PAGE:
In Newsweek, Keith Libbey and Evan Thomas think they've found a way to solve the nation's taxation woes. We can, they insist, lower taxes, simplify the tax code, increase revenue, and get the IRS out of everyone's hair all at once. It's all part of their plan, which combines ideas from both sides of the political spectrum. They published it a few weeks ago, and, thanks to recent political focus on taxation, is now getting more attention.
"The place to start," they declare, "is to cut almost everyone's payroll and income taxes by half." People making $2 million a year and above would still be taxed at 30 percent.
All individual taxes would be collected through company withholding taxes on compensation (salary, bonus, deferred payments, etc.) and investment income (dividends, interest, capital gains, rents) to individuals. ... The rate on investment income would be 15 percent. The result: individuals would not have to file tax returns, most Americans would take home more pay than they do now, the tax base would be broadened, and the AMT--the alternative minimum tax, which sweeps up more taxpayers every year--would be eliminated.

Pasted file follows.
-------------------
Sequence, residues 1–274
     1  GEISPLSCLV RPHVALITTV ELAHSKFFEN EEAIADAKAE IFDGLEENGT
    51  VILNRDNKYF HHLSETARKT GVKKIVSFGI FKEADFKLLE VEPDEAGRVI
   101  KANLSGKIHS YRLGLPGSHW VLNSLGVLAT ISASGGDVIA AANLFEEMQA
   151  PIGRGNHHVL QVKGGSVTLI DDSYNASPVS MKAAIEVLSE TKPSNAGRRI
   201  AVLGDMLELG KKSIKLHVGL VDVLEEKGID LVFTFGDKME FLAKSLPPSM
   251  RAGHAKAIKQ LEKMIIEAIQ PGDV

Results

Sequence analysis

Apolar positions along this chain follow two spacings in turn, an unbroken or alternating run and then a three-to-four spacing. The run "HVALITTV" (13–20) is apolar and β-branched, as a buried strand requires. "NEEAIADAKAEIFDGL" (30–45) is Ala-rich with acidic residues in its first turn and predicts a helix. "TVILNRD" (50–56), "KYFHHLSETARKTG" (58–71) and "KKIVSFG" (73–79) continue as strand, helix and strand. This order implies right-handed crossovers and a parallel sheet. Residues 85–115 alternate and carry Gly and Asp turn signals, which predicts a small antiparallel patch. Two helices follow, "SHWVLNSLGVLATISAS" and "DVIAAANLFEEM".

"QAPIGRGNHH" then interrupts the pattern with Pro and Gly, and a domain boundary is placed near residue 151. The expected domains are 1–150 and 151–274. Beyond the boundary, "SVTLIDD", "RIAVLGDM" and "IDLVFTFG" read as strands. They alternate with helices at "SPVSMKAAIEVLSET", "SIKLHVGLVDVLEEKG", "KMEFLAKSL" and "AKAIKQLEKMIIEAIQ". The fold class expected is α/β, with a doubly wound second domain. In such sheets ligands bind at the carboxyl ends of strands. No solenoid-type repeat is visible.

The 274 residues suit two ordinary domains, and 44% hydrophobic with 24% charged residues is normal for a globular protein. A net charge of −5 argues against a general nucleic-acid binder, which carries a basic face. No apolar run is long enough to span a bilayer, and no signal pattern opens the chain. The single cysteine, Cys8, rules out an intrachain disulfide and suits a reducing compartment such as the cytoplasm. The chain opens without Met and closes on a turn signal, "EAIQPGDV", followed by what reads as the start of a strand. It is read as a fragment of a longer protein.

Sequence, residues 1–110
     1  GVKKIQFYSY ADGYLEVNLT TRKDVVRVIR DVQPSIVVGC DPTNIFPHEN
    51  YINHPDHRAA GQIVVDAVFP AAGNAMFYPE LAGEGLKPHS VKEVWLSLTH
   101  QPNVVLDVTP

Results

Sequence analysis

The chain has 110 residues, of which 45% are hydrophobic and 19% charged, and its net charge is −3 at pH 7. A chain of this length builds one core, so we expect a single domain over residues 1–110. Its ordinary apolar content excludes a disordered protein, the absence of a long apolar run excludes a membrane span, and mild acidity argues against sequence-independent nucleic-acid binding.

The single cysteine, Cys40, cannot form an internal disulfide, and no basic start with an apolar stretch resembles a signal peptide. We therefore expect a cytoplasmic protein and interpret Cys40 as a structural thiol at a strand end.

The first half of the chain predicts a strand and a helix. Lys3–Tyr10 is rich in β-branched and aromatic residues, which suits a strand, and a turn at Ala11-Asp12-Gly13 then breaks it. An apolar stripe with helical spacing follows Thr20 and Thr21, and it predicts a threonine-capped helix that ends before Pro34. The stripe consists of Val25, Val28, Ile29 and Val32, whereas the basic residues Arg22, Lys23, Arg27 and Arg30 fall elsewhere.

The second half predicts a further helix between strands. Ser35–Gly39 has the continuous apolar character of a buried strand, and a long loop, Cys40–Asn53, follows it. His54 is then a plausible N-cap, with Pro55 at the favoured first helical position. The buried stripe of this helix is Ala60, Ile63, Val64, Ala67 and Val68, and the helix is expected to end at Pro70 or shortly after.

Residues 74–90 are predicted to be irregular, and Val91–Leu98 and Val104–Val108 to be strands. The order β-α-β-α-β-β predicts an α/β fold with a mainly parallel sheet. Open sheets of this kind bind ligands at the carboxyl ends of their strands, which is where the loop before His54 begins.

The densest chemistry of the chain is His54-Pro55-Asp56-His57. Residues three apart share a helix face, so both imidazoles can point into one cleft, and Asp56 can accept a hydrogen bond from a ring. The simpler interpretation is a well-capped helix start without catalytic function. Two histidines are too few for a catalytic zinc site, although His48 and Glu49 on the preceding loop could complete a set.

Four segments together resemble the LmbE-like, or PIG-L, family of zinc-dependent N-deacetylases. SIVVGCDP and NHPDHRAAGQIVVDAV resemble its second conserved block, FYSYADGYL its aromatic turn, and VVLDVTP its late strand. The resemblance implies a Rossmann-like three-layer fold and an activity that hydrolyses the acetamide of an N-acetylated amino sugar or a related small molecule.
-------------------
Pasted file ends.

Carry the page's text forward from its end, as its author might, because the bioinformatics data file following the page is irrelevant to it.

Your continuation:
Of course, the revenue lost from cutting taxes "has to come from someplace else," they admit. It will come from getting rid of tax dodges and deductions, which currently siphon off "between a fifth and a quarter of all revenue." Then slap on a 12 percent tax on consumer goods and you're done. Though a consumption tax has its drawbacks, they point out that "many economists" think it would help "in the long run" by encouraging "saving and investing over consumption and debt."
This plan, they say, offers "a simple way to boost revenue that is fair, open, and progressive--and gets the IRS out of people's lives." Though the "basic version" of this Clean Slate Plan is "revenue-neutral," it is easy to adjust to increase revenue or boost the economy, they argue. Slight adjustments could be made for the poor and the elderly with the VAT, and 401(k) pretax exemptions and the like could stay, so long as the tax code stayed relatively simple. As a plus, they say, their plan could even be viewed as more progressive than our current one, because it lets the rich get away with less--there are fewer loopholes.
This article is from the archive of our partner The Wire.